Simultaneously, the idea of deaf citizenship was gaining ground. A memorable speech was presented by a deputy at the deathbed of de l’Épée. « Die in peace – your fatherland will adopt your children ». These children, of course, were the deaf members of the population, who like all citizens, are « sons and daughters » of their fatherland. De l’Épée was the foster father of these « orphans of nature ». It was now up to the nation, with its patriarchal power, to substitute for him after his death. Deaf people, like hearing people, became children/citizens of the great family/nation.
The first public institution to specialize in serving deaf individuals was founded in Paris on July 21, 1791. A second opened in Bordeaux two years later. Operation of these institutions gradually came under government control. The Abbé Sicard was named head schoolmaster (director) of the Parisian establishment after review of academicians and prominent citizens. A tribunal procedure was also used for the nomination of the staff, financial administration, student admissions, and determination of initial administrative policy, all of which under the juridiction of the Ministry of the Interior.
But the creation of these institutions was accompanied by obstacles that had to be overcome. The first challenge was to define the primary purpose of the institutions. Most of the deaf students were destitute. Should they receive money to help them survive ? Should they receive temporary shelter ? Or should they be provided with sufficient education to enable them to acquire a profitable trade ? In other words, which was it to be, charity or instruction ?
Deputy Raffron supported the position of providing financial assistance. Speaking before the National Convention on February 1, 1794, after the institutions had been in operation for more than two years (but voicing an opinion that predated even the revolution), Raffron claimed, « Deaf people are born speechless, they will die speechless. That is how Nature wanted it. » Instructing deaf people was useless, he said, particularly because the nation was not lacking in educated people. He added that living conditions were very difficult in the new boarding schools (which was true) and that the purpose of these institutions was to assist the poor but not to flatter national pride. Consequently, it made more sense to offer deaf pupils financial support and then send them back to their homes.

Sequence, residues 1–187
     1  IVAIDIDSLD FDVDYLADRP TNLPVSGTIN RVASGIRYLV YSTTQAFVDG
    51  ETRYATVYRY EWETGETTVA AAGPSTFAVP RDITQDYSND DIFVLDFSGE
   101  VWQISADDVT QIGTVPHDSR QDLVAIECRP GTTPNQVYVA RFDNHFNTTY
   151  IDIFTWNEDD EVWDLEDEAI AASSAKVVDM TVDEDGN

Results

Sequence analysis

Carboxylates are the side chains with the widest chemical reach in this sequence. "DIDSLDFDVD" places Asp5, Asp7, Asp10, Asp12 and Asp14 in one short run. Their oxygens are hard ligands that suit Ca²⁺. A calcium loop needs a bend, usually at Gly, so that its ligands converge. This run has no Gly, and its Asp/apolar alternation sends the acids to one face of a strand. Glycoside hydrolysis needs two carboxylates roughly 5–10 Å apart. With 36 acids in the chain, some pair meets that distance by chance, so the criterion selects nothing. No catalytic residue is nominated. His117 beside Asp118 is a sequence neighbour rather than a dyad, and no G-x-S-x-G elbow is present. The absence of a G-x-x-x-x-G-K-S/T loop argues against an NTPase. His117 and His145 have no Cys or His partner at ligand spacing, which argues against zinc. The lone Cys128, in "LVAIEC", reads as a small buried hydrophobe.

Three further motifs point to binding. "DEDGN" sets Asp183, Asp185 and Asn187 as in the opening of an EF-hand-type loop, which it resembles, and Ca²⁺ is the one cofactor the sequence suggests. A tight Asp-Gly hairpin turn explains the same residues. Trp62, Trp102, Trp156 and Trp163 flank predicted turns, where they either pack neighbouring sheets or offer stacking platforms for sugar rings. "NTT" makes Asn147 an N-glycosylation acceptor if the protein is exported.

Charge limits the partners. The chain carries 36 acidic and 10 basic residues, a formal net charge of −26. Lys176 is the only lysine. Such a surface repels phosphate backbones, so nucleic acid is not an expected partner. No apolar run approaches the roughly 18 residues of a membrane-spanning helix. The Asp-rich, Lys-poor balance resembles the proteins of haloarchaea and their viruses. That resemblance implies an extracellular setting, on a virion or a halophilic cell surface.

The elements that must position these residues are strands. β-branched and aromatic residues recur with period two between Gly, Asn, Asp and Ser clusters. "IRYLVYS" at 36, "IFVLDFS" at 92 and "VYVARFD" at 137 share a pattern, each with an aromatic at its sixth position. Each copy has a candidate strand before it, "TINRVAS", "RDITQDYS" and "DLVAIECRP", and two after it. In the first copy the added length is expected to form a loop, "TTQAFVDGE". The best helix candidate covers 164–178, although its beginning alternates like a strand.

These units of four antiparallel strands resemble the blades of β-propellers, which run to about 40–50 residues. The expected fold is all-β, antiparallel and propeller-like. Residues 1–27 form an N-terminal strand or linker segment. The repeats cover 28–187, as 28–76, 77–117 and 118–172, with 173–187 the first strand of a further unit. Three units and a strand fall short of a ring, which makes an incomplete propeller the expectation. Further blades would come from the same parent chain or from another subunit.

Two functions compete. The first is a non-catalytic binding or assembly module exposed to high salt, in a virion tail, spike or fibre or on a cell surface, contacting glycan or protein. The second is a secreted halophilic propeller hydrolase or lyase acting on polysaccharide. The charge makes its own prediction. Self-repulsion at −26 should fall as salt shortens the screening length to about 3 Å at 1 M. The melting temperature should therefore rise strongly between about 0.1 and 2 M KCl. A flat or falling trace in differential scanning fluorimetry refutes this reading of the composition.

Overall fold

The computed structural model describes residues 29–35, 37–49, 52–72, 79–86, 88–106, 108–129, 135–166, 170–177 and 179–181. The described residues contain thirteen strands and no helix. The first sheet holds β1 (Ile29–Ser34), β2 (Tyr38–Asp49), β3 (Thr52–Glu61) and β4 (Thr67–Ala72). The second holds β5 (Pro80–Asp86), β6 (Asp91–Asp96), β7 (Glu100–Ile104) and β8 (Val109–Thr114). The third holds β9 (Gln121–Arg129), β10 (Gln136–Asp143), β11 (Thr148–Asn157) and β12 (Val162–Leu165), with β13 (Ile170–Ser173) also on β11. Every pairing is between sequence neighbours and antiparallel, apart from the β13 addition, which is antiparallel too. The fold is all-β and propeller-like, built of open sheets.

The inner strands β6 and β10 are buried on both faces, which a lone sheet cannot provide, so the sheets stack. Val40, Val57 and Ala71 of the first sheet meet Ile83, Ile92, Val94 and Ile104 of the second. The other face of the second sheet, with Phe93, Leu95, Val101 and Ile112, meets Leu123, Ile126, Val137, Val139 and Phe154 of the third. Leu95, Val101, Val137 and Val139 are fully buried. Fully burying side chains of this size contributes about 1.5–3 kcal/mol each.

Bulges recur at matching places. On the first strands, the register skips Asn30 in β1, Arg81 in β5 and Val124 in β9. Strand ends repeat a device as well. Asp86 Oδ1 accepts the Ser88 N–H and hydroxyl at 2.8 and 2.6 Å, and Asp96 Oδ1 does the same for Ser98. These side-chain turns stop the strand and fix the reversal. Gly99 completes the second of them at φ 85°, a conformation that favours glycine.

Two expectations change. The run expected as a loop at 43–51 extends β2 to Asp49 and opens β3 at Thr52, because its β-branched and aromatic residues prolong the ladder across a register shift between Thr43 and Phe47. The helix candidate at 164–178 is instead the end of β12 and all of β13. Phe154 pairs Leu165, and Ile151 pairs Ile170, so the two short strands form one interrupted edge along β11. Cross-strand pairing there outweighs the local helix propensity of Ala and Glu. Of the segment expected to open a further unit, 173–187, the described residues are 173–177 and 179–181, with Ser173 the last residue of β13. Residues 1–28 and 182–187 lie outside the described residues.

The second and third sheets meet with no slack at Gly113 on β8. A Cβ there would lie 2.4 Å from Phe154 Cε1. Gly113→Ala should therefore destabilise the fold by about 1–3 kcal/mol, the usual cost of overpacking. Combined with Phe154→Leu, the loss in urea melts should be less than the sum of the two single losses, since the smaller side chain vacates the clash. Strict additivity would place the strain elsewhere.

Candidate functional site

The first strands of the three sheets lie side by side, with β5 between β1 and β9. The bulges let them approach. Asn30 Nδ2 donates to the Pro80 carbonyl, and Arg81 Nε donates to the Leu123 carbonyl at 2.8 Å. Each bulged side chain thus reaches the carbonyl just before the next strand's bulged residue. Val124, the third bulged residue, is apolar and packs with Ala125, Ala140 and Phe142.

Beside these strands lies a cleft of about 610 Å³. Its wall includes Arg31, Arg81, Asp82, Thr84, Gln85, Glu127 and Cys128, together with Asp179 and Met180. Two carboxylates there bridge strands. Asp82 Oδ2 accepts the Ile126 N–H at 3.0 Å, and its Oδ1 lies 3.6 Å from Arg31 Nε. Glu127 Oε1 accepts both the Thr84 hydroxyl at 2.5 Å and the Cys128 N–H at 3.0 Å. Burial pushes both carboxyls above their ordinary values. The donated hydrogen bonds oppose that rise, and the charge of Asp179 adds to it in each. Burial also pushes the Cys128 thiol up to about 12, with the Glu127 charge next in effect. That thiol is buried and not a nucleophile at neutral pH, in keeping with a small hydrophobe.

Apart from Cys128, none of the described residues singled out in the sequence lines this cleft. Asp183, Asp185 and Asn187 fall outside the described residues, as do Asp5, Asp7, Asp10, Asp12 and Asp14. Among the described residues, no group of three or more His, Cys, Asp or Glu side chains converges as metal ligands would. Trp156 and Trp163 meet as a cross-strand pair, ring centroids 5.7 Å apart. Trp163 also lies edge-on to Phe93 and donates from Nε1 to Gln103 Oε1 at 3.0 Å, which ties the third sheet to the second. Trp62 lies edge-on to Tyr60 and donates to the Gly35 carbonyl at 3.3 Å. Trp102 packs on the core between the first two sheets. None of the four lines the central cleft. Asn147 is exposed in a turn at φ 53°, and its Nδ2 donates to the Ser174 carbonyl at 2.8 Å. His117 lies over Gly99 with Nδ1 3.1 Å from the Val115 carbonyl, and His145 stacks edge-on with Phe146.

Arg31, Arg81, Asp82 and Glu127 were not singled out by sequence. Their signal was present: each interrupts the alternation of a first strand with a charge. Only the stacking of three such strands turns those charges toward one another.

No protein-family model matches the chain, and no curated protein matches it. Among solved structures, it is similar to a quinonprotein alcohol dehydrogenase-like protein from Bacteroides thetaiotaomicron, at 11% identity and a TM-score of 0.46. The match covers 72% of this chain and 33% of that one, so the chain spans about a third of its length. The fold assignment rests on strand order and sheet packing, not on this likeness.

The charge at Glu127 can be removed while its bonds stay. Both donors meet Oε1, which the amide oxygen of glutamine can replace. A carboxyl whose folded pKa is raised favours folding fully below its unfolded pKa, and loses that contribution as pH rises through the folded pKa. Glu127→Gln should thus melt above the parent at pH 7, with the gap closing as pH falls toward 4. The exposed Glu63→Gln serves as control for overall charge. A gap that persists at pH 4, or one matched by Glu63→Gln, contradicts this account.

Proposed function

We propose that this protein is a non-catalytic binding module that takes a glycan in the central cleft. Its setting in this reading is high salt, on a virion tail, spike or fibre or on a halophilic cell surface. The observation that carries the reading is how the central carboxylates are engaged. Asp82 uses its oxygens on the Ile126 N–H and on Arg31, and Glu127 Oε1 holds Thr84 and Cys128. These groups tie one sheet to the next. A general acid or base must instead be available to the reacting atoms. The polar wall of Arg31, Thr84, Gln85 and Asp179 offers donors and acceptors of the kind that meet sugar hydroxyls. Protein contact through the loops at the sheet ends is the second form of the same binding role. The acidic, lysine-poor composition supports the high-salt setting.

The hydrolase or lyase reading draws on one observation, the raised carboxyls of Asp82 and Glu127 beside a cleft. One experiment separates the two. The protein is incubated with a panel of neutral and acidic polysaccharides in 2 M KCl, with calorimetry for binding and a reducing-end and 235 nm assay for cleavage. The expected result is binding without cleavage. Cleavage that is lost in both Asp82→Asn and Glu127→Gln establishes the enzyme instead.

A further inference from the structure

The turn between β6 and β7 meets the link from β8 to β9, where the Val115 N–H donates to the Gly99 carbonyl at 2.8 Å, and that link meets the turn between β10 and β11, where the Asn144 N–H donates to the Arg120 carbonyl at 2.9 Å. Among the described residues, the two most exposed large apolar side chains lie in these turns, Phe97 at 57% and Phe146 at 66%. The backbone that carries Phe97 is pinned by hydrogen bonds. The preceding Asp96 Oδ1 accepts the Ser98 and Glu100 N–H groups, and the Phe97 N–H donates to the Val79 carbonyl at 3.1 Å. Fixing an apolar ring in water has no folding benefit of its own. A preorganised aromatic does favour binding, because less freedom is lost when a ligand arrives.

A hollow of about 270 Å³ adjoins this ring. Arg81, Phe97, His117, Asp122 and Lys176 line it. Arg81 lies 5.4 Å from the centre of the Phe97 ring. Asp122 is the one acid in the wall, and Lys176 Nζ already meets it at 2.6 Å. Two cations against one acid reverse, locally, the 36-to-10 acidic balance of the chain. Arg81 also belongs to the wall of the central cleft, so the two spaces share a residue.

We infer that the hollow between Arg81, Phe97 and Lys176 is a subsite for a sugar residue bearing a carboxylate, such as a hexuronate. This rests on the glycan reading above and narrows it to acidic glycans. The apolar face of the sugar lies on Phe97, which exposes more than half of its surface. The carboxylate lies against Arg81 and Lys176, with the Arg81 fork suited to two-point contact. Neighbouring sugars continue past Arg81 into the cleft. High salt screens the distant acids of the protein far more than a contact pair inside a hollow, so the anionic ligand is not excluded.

As you may suspect, this view point was not adopted, and the idea of instructing deaf students developped in progressive stages. But the charitable idea did not totally evaporate, as evidenced today by the National Institute of Paris for Young Deaf Personns, which is a branch of the Ministry of Solidarity, not of the Ministry of National Education.
The second problem was the one observed by Raffron. Living conditions in the two schools were harsh. Sometimes the students had nothing to eat or wear. They lacked heat during harsh winters, were assailed by epidemics, and sometimes died at the institution. Moreover, as boarders, they were totally cut off from their relatives. The young deaf students had to put their courage to the test to survive revolutionary times.
Last, the institution in Paris was originally associated with the National Institute of Blind Workers. The two schools shared the same premises – the former Célestins convent near the Bastille. It was only in 1794 that the two groups were geographically separated and the deaf students were perceived as a separate group.
At the time of the French Revolution, cultural perceptions of deaf people ran the gamut from savages, to children, to animals, to soulless machines. Numerous references expressed popular cultural peceptions of that period.
– The deaf individual was perceived as a savage – that is to say, as a radically different and singular being, as strange as the « savages » met by Bougainville or Cook in their far-off expeditions.
– Deaf people were perceived as children because civilization supposedly could not influence their nature. For example, Lanjuinais, a member of the Council of Five Hundred (« Conseil des Cinq-Cents »), in 1796 suggested that deaf people be included in the legal category of minors.
– Deaf individuals were compared to animals because they did not possess speech (oral language), which would legitimize their relationship with humanity.
– Finally, deaf people were perceived to be machine-like. The theories of the philosophers Locke and Condillac, accorded an essential role to the physical senses. From this viewpoint, deaf people would be comparable to soulless machines because they had been deprived of one of their senses.